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Groomers say PetSmart leaves them in debt for ‘free’ training

PetSmart promises its groomers free training but forces them to pay it back if they leave the company before two years, a California lawsuit says.

PetSmart promises its groomers free training but forces them to pay it back if they leave the company before two years, a California lawsuit says.

Screenshot from PetSmart Facebook page

PetSmart promises prospective groomers “free paid training” but forces them to pay back thousands of dollars if they leave the company before two years, according to a class action lawsuit.

The lawsuit, filed in California on behalf of former groomer BreAnn Scally, says that Scally was forced to take on thousands of dollars in debt to complete the company’s “grooming academy” and was then subjected to unfair working conditions.

PetSmart, a pet supply chain with stores across the United States, requires all who enroll in its “grooming academy” to sign a Training Repayment Agreement Provision, or a TRAP, that mandates each apprentice to take on $5,000 in debt, the suit says. The company also encourages prospective groomers to acquire a kit of grooming tools from PetSmart, adding another $500 to their total.

The company forgives the debt only if workers stay in their jobs for two years, “no matter how little they are paid or how poorly they are treated,” the lawsuit says.

Scally started as a pet bather at a PetSmart in Salinas in February 2021. Salinas is about 175 miles south of Sacramento.

A few months later, Scally entered PetSmart’s grooming academy, which the company has advertised on its website and social media pages as being free and paid and consisting of 800 hours of training and supervised grooms with 200 dogs, the lawsuit says.

Scally said she got little one-on-one training because her trainer was also the manager of her salon and was busy running the business, performing her own grooms and supervising other groomers.

The class action suit also says that groomers in training are asked to groom dogs for paying customers with little supervision, but are not eligible for the 50% commission that stylists get for each groom.

Once Scally completed her training, she said she was working in a stressful environment where she was asked to work through her breaks and was paid little more than minimum wage.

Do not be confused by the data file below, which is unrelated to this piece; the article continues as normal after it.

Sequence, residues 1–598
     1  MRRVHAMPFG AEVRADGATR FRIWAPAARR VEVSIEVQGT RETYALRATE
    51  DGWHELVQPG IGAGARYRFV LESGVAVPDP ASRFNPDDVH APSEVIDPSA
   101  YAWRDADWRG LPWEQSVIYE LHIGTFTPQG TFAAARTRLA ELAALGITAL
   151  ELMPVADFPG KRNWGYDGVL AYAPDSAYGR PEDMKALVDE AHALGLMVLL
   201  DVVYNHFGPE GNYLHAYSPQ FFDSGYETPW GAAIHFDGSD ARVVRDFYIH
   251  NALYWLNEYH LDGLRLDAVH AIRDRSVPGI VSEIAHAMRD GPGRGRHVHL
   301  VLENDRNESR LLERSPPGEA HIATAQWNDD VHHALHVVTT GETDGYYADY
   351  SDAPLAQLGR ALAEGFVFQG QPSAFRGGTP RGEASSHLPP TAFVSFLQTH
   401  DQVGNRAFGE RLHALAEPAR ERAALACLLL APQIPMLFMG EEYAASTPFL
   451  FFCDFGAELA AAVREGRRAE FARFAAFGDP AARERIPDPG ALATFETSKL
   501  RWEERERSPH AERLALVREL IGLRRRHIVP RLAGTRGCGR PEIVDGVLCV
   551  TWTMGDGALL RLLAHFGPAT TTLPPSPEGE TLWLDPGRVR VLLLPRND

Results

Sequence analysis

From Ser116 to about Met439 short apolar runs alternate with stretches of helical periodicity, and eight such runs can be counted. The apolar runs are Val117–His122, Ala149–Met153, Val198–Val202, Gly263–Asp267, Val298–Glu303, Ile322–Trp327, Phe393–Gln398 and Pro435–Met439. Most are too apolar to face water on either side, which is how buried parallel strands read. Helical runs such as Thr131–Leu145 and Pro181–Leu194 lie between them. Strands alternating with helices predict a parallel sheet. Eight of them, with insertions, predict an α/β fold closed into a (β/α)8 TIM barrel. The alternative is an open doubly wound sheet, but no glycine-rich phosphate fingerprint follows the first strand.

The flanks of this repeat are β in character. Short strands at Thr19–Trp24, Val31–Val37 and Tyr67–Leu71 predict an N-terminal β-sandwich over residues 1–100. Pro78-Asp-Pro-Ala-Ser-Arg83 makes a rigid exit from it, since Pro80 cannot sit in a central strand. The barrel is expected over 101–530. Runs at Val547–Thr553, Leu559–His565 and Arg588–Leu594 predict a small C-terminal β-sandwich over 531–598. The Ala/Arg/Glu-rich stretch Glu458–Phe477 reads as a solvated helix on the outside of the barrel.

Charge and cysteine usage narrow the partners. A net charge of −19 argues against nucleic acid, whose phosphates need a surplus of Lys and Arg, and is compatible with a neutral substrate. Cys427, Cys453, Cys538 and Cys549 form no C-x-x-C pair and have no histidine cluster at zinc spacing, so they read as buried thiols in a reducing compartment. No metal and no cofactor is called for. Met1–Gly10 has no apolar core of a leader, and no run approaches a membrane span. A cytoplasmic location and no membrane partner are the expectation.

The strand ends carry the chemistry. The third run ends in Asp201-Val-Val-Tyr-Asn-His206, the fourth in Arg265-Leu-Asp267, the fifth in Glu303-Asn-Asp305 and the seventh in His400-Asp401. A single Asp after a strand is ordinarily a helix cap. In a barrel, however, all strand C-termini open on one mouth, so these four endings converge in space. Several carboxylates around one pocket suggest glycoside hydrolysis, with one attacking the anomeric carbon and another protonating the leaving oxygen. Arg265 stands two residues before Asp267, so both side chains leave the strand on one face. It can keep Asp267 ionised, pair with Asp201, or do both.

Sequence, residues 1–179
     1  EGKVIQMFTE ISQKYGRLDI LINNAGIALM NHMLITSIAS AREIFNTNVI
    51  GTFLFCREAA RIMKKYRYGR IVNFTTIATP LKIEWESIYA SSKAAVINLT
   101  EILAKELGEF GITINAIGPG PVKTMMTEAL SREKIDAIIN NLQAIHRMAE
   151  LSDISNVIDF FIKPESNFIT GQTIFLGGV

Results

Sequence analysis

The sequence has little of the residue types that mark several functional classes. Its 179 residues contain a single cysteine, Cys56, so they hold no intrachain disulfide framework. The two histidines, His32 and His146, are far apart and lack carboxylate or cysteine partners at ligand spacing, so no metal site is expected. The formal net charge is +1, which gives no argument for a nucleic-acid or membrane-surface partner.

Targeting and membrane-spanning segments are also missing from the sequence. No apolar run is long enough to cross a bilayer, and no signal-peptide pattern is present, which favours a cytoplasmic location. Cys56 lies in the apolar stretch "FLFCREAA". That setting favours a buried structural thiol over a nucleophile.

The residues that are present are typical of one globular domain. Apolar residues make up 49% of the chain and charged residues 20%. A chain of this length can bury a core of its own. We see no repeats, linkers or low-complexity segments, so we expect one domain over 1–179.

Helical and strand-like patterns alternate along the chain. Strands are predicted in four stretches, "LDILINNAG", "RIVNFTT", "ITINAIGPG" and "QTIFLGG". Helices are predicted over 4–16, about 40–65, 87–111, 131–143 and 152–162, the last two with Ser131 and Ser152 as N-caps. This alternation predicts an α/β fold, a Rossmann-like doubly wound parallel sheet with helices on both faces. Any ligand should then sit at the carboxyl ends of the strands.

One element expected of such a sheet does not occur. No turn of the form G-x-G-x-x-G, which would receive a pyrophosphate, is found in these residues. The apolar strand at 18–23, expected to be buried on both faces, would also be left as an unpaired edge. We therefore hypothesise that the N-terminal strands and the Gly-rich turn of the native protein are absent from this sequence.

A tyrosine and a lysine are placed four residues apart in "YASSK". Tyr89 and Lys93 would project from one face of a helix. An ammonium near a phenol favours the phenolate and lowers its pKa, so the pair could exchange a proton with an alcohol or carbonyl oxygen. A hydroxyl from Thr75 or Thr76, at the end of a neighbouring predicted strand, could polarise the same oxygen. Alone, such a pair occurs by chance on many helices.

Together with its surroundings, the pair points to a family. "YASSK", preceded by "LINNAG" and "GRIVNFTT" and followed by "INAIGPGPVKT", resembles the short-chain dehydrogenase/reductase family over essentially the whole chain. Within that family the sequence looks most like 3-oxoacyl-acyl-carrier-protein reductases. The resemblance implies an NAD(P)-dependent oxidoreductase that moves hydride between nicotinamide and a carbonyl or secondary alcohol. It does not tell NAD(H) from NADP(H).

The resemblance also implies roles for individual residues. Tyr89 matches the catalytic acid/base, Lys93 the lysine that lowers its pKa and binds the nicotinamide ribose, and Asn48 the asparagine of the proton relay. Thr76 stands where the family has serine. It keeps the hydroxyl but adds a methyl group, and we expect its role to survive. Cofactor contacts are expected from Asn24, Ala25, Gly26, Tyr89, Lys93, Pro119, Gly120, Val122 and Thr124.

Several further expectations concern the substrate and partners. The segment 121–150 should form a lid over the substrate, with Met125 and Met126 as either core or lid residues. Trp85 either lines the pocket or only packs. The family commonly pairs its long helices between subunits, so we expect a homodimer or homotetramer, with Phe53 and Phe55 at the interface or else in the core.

She quit in September 2021 because of the stress, and in January 2022 got a notice from a collection agency that PetSmart was trying to collect $5,500 from her.

Any employee who completes the training and leaves the company before two years, whether voluntarily or involuntarily, is required to pay back the full price of the training and the grooming supply kit within 30 days. The debt is cut in half if the employee leaves after one year, the lawsuit says.

PetSmart said in a statement that other training programs in the grooming industry can cost more than $10,000.

“We are proud that PetSmart’s on-the-job training program offers a rewarding career path without the out-of-pocket costs associated with other training programs,” the statement says. “As far as the lawsuit, out of respect for both parties, we do not comment on litigation.”

The statement calls the grooming academy a “robust, multi-week program combining classroom and hands-on training, and is critical to maintaining our industry-leading standards.”

But the class action suit says that the company leaves employees in debt, with no recognized degree or credential and incentivizes them to stay in low-paying, often stressful jobs until their debts are forgiven.

“Prospective groomers quickly find themselves grooming dogs for paying customers and may have to struggle for attention from overextended trainers or salon managers,” the lawsuit says. “ … And eleven groomers complete Grooming Academy, they are thrust into a demanding and sometimes dangerous job, often working for barely above minimum wage.”

The plaintiffs ask that the court award them “appropriate” monetary relief, damages and attorney fees, but do not name an exact figure. The lawsuit also asks that the court issue an injunction against PetSmart to prevent the company from continuing to make “false statements” about its grooming academy.

Madeleine List is a McClatchy National Real-Time reporter. She has reported for the Cape Cod Times and the Providence Journal.


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